Sunday, September 11, 2022

REVIEW: The Kaiju Preservation Society (book) by John Scalzi

The Kaiju Preservation Society is humorous sci-fi. I bought my copy brand new.


Jamie Gray is confident that he's going to ace his six-month performance evaluation for füdmüd, a food delivery app. Too bad his CEO's a massive jerk and he never stood a chance. Six months later, he's one of the company's delivery drivers, scraping by with no benefits during the COVID-19 pandemic. When he's offered a job by an old acquaintance, Tom, he jumps at it, even though all Tom can tell him is that it's an "animal rights organization," very hush-hush, and he'll be expected to lift things.

Sometime later, Jamie learns that his new employer is the Kaiju Preservation Society. Their job involves traveling to another Earth via a portal and studying and generally keeping an eye on the giant monsters (kaiju) that call that world home. Certain circumstances can cause the barrier between their world and ours to thin, so the KPS both protects our world from the kaiju and the kaiju from us.

Some very unusual circumstances result in a pregnant kaiju nesting on one of those thin spots. For various reasons, this wouldn't normally be a problem, except someone on our side of the barrier has plans for her.

I've wanted to read this ever since I heard it was coming out. Kaiju, yay! As far as that goes, Scalzi delivered fairly well. We got really big monsters fighting less than a quarter of the way in, and I generally enjoyed the way they were written. I liked learning about what they were like, their life cycles, and the various things the KPS was doing to find out more about them.

What I did not expect, going in, was that this was going to mostly be a slice-of-life workplace story, albeit in a workplace where they study kaiju. Not a whole lot happens for the bulk of the book. Jamie becomes friends with a few of the other newbies, has a bit of an emotional moment when he sees what the person who previously had his room left behind, learns the ropes in his new job, and gets enough training to keep from dying during his first experience out in the field. Scalzi indulges in some poop jokes but thankfully reins it in enough that it doesn't overwhelm the more enjoyable aspects.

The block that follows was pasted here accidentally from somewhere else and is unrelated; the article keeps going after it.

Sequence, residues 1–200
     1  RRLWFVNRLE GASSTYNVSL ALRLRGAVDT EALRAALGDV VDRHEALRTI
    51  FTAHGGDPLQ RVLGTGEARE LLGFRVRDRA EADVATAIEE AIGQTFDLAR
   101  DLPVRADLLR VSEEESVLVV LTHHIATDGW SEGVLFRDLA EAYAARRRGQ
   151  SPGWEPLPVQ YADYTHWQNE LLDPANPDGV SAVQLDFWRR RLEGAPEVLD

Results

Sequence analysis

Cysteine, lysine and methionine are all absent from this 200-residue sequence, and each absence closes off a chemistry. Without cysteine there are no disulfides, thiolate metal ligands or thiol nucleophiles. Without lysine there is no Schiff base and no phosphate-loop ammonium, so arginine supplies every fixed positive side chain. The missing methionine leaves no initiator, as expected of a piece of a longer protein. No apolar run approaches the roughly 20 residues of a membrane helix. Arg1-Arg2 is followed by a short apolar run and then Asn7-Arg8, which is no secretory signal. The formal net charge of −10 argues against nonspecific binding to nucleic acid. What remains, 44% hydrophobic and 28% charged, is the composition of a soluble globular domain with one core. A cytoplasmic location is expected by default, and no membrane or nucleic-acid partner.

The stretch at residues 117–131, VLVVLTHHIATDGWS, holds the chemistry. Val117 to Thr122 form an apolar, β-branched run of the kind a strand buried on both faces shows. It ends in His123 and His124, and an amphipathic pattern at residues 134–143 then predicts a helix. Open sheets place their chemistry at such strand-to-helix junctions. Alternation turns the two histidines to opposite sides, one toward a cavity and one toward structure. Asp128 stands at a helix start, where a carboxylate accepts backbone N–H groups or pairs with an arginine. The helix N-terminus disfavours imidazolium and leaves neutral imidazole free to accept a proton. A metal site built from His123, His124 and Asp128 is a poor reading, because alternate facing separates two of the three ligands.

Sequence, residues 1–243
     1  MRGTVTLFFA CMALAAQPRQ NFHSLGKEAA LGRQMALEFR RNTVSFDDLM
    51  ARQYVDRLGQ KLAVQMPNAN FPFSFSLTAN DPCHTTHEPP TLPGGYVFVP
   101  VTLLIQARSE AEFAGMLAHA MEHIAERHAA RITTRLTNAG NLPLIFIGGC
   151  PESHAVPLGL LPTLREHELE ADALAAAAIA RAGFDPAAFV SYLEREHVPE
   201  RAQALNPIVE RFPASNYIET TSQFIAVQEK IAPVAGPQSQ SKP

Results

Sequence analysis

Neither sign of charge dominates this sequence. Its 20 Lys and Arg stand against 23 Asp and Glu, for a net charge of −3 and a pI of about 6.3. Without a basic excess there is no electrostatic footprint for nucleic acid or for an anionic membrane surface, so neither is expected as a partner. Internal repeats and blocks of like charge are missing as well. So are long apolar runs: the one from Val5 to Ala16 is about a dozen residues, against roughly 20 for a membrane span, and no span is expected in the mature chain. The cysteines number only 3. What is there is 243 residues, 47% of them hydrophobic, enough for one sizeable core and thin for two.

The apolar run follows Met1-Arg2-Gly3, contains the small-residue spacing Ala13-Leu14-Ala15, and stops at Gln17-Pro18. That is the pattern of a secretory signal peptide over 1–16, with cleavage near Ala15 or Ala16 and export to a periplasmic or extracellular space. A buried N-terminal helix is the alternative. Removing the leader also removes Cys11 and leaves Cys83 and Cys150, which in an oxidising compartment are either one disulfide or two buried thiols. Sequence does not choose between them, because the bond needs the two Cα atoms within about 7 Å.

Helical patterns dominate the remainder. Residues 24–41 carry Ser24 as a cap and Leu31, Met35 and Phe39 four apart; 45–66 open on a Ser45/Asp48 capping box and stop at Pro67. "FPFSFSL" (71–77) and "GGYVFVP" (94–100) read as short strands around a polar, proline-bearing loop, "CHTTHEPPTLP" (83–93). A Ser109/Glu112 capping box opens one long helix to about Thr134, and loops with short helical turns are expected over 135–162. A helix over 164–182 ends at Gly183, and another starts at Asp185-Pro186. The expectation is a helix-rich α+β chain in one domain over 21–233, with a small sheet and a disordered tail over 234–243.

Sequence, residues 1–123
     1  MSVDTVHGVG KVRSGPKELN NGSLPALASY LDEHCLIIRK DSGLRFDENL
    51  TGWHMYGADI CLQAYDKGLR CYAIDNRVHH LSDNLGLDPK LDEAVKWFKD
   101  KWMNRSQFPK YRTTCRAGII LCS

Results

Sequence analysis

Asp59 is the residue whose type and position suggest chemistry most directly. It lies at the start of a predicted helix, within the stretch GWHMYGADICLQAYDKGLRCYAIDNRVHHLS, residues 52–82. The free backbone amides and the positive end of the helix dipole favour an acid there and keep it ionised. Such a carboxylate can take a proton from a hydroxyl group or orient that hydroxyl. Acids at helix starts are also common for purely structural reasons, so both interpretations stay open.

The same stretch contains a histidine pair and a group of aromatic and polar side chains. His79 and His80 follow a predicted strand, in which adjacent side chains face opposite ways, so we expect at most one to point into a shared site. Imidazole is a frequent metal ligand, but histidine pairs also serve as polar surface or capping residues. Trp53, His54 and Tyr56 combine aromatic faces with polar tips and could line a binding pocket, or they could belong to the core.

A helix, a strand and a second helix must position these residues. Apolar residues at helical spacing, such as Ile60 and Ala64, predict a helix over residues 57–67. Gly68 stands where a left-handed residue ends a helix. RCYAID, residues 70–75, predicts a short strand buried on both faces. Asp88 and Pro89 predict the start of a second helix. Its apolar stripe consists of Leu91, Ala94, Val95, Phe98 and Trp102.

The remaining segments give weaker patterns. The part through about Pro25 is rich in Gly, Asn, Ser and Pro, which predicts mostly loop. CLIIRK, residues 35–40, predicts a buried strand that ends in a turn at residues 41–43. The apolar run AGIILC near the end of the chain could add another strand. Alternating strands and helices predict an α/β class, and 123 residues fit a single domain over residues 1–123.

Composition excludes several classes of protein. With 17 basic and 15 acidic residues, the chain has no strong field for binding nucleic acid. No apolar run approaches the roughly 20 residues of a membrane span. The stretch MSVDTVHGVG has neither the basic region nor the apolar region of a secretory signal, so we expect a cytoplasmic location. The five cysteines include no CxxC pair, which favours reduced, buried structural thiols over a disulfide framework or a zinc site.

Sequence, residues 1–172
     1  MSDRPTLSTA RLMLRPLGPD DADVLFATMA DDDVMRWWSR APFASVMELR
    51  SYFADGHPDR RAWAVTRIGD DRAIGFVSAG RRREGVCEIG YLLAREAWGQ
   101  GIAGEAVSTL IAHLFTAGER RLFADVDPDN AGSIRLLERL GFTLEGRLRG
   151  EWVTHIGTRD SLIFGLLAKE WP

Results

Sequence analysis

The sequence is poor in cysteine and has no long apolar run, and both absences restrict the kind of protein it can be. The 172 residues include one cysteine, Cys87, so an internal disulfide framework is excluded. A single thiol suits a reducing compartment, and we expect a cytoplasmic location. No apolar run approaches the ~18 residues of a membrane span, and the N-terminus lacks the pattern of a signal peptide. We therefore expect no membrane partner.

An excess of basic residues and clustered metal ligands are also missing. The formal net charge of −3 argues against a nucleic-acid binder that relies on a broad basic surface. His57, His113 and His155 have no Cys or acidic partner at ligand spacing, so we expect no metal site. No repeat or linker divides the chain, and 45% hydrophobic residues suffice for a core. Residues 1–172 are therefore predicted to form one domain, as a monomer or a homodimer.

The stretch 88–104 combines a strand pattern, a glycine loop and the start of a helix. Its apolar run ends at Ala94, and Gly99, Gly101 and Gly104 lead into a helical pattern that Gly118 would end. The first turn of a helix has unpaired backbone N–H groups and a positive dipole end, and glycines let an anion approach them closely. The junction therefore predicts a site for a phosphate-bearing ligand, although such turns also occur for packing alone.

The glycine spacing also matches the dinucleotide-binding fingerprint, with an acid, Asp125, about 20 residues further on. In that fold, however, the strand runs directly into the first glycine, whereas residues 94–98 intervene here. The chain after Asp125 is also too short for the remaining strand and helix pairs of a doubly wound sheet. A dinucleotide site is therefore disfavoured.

A little over two thirds of the way through, things go wrong and a plot with stakes, action, and serious aspects rears its head. There weren't a lot of pages left, so, as you'd expect, things wrapped up relatively quickly and easily. The Worst Character got the ending they deserved, and the good guys figured out how to save the day, so as a whole it was pretty satisfying. 

I didn't realize that the first part of this book would reference the pandemic. It's apparently too soon for me, because I mentally flinched. But it didn't dwell on the worst aspects of the pandemic and, even though it took ages for the plot to happen, the fun stuff - the portal, giant monsters, and an employer that pays employees appropriately - made their appearances pretty quickly. Overall this was an enjoyable read.


An afterword by the author that got me right in the pandemic feels.

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